Original video content is hugely popular on mobile devices: some smartphone screens now have more pixels than televisions do, and perhaps more importantly, our phones are always with us. As a result, people are digesting a huge amount of video content on-the-go.
Something you can do to bolster the content on your blog is to offer up quality video content that will resonate with your readership. As long as it either educates them or makes them laugh, chances are good they’ll respond favorably.
4. Guest Posts
We mentioned above that your readers will probably enjoy a change of pace from time to time with an interview. Whereas an interview is a highly structured experience where you’re still guiding the conversation, a guest post is a way to really get inside the head of another person, letting you see the world from their perspective.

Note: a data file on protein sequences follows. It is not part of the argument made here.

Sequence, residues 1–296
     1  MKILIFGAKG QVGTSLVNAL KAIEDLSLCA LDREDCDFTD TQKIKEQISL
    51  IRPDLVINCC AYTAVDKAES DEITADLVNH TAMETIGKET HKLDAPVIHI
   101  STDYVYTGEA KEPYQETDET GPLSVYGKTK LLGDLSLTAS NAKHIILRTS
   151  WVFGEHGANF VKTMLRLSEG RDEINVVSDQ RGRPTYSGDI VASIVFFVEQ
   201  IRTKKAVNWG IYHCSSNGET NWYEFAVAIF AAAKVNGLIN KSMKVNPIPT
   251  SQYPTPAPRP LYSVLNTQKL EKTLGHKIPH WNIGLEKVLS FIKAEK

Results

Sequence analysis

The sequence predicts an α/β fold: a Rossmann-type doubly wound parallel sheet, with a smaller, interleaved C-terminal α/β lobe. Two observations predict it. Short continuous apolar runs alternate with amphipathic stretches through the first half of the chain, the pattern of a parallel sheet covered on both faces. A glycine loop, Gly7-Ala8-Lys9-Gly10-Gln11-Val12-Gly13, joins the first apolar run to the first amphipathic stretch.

Many bloggers have regular guest posters show up to offer a different voice or experience. It could even be somebody you know closely, such as a friend or significant other. As long as they have some experience in your niche, your readers will almost certainly appreciate a deviation from business as usual. Come to think of it, maybe you should even consider a guest blogger who doesn’t know a great deal about your particular niche; an outsider’s opinion could prove to be just as valuable.
When all else fails, it’s good to know that you can always pass the buck to your readers. There are a number of sites out there who poll their readers on their favorite products, services, locations, or people, and they’re pretty keen to chime in — who doesn’t enjoy offering their opinion, after all?
This could be a particularly useful practice for a site that’s primarily focused on giving advice or empowering readers to make decisions for themselves. Polling readers could uncover some little-known tips or tricks, or call attention to an issue that otherwise wouldn’t have seen the light of day.
Give your readers a set amount of time to respond to your prompt (usually a few days to a week), and then update them by highlighting the best responses. It’s a great way to not only offer up useful content, but also to remind your readers that they can be a part of the process.